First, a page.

The best way to define promotion is to say it is the general name given to forms of communication designed to reach a targeted audience with a certain message in order to achieve specific organizational objectives. Nearly all organizations, whether for-profit or not-for-profit, in all types of industries, must engage in some form of promotion. Such efforts may range from multinational firms spending large sums on securing high-profile celebrities to serve as corporate spokespersons to the owner of a one-person enterprise passing out business cards at a local businessperson’s meeting.
Like most marketing decisions, an effective promotional strategy requires the marketer understand how promotion fits with other pieces of the marketing puzzle (e.g., product, distribution, pricing, target markets). Consequently, promotion decisions should be made with an appreciation for how it affects other areas of the organization. For instance, running a major advertising campaign for a new product without first assuring there will be enough inventory to meet potential demand generated by the advertising would certainly not go over well with the company’s production department (not to mention other key company executives). Thus, marketers should not work in a vacuum when making promotion decisions. Rather, the overall success of a promotional strategy requires input from others in impacted functional areas.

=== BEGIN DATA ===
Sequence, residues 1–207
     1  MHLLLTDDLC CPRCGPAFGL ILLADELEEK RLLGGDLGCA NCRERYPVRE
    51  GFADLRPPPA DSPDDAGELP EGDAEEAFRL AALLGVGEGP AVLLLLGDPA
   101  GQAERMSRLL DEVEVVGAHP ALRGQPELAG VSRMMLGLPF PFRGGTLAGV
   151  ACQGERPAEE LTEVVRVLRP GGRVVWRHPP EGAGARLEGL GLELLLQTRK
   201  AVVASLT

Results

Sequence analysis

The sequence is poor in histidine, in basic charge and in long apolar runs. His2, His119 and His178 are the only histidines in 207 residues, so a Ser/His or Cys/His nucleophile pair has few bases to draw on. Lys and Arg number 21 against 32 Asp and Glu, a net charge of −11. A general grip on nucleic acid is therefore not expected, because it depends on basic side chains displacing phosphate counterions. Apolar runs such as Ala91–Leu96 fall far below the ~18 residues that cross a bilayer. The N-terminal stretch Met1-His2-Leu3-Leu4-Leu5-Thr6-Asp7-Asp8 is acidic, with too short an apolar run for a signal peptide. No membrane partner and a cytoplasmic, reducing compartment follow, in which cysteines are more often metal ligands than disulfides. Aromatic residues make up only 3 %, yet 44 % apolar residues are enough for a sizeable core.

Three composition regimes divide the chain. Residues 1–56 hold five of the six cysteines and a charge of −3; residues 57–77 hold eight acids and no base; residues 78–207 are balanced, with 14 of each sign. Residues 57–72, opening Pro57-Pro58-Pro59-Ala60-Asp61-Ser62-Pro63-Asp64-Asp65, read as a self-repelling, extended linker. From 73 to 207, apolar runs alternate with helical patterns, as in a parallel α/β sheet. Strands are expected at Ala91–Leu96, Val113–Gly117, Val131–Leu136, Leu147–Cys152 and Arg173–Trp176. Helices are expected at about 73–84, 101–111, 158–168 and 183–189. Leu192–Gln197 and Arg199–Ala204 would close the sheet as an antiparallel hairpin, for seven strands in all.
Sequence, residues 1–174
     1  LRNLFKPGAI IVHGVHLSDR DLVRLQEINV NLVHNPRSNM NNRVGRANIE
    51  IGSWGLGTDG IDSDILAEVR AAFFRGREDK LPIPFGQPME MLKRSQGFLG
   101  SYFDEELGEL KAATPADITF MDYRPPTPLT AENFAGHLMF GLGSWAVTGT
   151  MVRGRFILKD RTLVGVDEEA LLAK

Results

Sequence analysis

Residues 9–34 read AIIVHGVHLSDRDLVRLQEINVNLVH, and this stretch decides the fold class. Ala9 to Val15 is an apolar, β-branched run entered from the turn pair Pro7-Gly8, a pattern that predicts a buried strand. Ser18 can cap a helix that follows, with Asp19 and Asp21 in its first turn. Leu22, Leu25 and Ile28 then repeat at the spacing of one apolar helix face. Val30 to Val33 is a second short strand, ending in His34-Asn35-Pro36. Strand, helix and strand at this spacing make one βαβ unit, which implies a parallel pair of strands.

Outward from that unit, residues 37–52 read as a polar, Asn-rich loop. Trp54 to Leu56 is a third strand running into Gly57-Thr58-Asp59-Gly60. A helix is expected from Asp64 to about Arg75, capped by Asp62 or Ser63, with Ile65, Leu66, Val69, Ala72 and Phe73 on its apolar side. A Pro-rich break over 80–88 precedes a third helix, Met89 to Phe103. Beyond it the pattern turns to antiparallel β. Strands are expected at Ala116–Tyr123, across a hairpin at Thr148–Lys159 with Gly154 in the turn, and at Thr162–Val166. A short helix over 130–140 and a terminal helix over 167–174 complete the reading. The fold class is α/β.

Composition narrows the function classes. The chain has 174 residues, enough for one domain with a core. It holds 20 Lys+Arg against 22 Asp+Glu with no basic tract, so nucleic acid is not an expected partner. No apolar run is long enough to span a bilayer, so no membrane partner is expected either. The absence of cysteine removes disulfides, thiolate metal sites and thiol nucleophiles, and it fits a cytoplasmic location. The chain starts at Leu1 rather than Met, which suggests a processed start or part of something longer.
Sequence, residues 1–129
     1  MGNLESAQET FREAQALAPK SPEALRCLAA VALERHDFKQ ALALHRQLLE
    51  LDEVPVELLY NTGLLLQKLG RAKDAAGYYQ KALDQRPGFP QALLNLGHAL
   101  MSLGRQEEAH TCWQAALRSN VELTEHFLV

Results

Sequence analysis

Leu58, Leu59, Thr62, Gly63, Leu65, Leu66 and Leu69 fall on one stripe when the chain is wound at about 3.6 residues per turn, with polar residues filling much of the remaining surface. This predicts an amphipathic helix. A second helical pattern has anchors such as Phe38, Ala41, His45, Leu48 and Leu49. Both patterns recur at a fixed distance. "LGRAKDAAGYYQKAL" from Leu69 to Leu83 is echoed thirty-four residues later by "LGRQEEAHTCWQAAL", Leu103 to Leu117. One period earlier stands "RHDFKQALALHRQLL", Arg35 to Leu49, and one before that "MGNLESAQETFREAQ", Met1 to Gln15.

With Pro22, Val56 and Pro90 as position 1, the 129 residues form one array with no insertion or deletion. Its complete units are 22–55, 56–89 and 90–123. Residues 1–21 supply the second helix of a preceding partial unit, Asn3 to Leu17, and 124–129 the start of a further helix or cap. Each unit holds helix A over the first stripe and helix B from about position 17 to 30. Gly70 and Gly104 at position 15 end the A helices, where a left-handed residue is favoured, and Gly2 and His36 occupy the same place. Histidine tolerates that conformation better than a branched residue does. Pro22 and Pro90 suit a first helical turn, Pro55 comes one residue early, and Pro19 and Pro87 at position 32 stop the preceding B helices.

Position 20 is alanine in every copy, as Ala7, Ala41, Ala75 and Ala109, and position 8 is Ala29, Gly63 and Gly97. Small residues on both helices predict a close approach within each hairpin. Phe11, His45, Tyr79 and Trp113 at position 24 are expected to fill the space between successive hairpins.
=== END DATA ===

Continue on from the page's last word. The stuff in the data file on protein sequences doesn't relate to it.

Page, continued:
In addition to coordinating general promotion decisions with other business areas, individual promotions must also work together. Under the concept of integrated marketing communication, marketers attempt to develop a unified promotional strategy involving the coordination of many different types of promotional techniques. The key idea for the marketer who employs several promotional options (we’ll discuss potential options later in this tutorial) to reach objectives for the product is to employ a consistent message across all options. For instance, salespeople will discuss the same benefits of a product as mentioned in television advertisements. In this way, no matter how customers are exposed to a marketer’s promotional efforts they all receive the same information.
Finally, as discussed below, promotion is not limited to the communication of product information to customers. Marketers also use promotional methods to communicate with others who are outside their target market.